The extended muzzle brake is on there, I believe, to meet the 16 inch barrel length required for rifles since this is a reproduction.
The MG42 is a recoil operated roller-locked belt fed weapon. You have 3 major component groups working in this system: the fire control group (trigger), the action, and the belt feed mechanism.
The fire control is simple due to the weapon’s open bolt operation. The trigger merely controls a sear that fits into a notch on the bottom of the bolt assembly and keeps it locked to the rear until the trigger is pulled. When the trigger is released, the sear pops back up from spring pressure and stops the bolt on its return stroke. There is no hammer or striker assembly like on other weapons. If you were to draw the bolt back and let it go with the fire control completely removed from the gun, it would fire until it ran out of ammunition or suffered a malfunction.
The action operates on a recoil operated roller-locking system. As the bolt assembly moves forward, it strips a round from the belt and moves into locking position as the round is chambered. The wedge shaped striker sleeve then moves forward and forces the two rollers (seen in green below) to cam into position and lock into the barrel extension, which is the squarish part at the chamber end of the barrel.
Because the firing pin is part of the striker sleeve, the gun does not fire until the system is fully locked and safe. After the weapon fires, the bolt and barrel stay locked together and move rearward with recoil. The rollers then cam against the side of the receiver and are unlocked from the barrel extension. After the bolt unlocks, it continues to travel rearward to extract and eject the fired case. The MG42 also utilizes a distinctive muzzle booster with a cone shaped flash hider. The muzzle booster functions by capturing the expanding gases that result from firing and uses them to apply rearward force on the front of the barrel within the jacket. This improves reliability of the system as the force from both the recoil and the expanding gases are used to unlock the system and apply rearward force on the bolt.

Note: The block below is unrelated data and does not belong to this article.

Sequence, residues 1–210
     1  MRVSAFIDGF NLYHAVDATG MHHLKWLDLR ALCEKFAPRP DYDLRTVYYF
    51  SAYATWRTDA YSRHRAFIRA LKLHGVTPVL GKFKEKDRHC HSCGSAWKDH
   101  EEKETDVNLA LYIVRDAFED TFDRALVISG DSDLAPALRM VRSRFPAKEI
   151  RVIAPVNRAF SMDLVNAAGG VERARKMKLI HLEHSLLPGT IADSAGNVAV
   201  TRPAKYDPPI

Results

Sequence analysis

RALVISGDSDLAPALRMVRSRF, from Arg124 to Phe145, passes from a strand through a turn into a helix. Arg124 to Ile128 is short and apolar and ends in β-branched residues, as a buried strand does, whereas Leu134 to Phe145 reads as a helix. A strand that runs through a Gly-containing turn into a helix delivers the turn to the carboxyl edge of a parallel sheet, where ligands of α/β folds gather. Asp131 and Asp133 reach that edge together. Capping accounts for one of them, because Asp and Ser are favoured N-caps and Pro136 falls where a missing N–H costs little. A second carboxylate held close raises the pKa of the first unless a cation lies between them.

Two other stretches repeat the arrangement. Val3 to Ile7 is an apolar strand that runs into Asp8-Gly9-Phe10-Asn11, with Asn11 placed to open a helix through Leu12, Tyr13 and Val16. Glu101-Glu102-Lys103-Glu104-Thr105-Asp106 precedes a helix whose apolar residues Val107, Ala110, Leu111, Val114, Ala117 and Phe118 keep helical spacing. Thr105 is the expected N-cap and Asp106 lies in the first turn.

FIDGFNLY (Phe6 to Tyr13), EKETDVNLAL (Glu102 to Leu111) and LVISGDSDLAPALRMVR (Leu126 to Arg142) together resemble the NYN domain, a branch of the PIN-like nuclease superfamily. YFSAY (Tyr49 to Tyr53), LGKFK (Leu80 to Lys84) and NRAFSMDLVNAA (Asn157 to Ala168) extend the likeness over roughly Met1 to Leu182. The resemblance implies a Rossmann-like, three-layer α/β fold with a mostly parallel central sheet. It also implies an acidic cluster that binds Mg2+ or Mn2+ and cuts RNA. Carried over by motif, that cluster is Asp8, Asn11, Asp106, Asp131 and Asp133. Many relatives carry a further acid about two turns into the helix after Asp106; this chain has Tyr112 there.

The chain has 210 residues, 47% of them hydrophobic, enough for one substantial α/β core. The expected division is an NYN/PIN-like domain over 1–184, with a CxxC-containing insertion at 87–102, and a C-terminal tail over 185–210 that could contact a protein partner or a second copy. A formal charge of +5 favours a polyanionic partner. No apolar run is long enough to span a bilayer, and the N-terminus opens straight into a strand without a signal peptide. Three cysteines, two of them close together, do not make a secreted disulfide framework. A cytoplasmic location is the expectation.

This smooth roller system and fast lock time is what resulted in the MG42′s infamously fast fire rate of fire of ~ 1,200 rpm.
The belt feed mechanism of the MG42 was a very influential design due to its simplicity and reliability. The top cover of the feed mechanism houses a swinging cam track that interfaces with a raised cam on the top of the bolt body.
As the bolt travels forward and back, the cam causes the track to swing back and forth, which works the feed pawl that pulls the belt through the system and line up ammunition for feeding.
This .gif from howstuffworks.com shows the operation of the M60 machine gun, which took heavy influence from the MG42. The feed mechanism functions identically.
I hope that clears things up for you, and you have somewhat of an idea of how the MG42 works. I’m not the best at writing really.